EMC Seeks to Make Data More Valuable
EMC (NYSE: EMC) is beginning to look like something of a business intelligence vendor, but the storage giant says that's not its goal.
The company says it wants to be the player companies turn to when they're looking to wrap BI, data warehouse farms and storage infrastructures all together.
In launching its new Data Warehouse/Business Intelligence/Analytics Competency Center this week, EMC said it will provide application-specific solutions using its engineering resources and partner technology from vendors such as Greenplum, IBM (NYSE: IBM), Microsoft (NASDAQ: MSFT), Oracle (NASDAQ: ORCL), Sybase (NYSE: SY) and Teradata.
The new lab will give customers a "one-stop shopping" venue, according to Center Manager Bill Bonin.
"We don't intend to compete in the BI space. Our business is infrastructure and our goal is to help customers integrate needed technology while gaining good performance from their systems," said Bonin.
As companies slice tech budgets in the dismal economic climate, many want better ways to boost efficiency and respond to changing market and customer needs. Business intelligence and data mining and analytics are viable approaches to making that happen, according to analysts.
That's because any technology that lets companies glean deeper knowledge and saves money can be a huge advantage. Reducing risks and operational costs when deploying storage and data protection isn't a bad idea either.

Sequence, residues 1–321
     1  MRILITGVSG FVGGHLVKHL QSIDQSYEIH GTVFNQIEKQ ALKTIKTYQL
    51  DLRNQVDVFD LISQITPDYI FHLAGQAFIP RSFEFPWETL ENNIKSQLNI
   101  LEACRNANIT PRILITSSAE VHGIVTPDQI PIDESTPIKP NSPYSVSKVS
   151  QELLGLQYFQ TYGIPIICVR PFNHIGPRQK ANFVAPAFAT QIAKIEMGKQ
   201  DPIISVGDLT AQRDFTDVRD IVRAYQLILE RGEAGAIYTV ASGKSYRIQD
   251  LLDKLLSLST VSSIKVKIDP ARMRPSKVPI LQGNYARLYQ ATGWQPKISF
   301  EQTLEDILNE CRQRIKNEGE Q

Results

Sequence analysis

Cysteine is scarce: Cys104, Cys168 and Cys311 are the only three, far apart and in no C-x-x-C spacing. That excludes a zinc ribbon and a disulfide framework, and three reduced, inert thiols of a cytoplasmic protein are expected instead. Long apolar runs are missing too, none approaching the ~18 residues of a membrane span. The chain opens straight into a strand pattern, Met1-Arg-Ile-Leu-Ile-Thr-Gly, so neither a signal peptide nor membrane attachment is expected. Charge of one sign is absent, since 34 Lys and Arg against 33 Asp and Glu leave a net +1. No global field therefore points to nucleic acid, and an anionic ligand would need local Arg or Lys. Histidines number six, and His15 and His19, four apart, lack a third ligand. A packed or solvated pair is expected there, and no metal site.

The news also illustrates EMC's continued quest to expand its services business. Earlier this year, EMC broadened its IT services tool set with the acquisition of Infra, a privately held IT service management provider. In October 2007 it bought privately-held Voyence, a provider of network configuration and change management solutions that automate critical change, compliance and activation processes.
IT services and data mining approaches, according to analysts, can prove handy and valuable when every tech penny spent is under scrutiny.
"The need for data analytics doesn't go away in bad economic times," said Brian Babineau, a senior analyst at Enterprise Strategy Group.
"It can be used to help focus resources in the right place, as you can use business intelligence and data warehouses to make any decision, such as what products to continue investing in and where layoffs are most appropriate," said Babineau. "Companies who use all the information available will have a much better shot at surviving."
The Santa Clara, California-based center is available to EMC customers and potential clients, said Bonin. BI application vendors can also conduct co-engineering activities to leverage their products with EMC's Clariion and Symmetrix storage systems.
"EMC's services are in an evolutionary stage," said Charles King, principal analyst at Pund-IT. "In an economy like this, it's about maximizing the impact of IT investments. Getting more value out of your data is a very wise investment."
Article courtesy of Internet News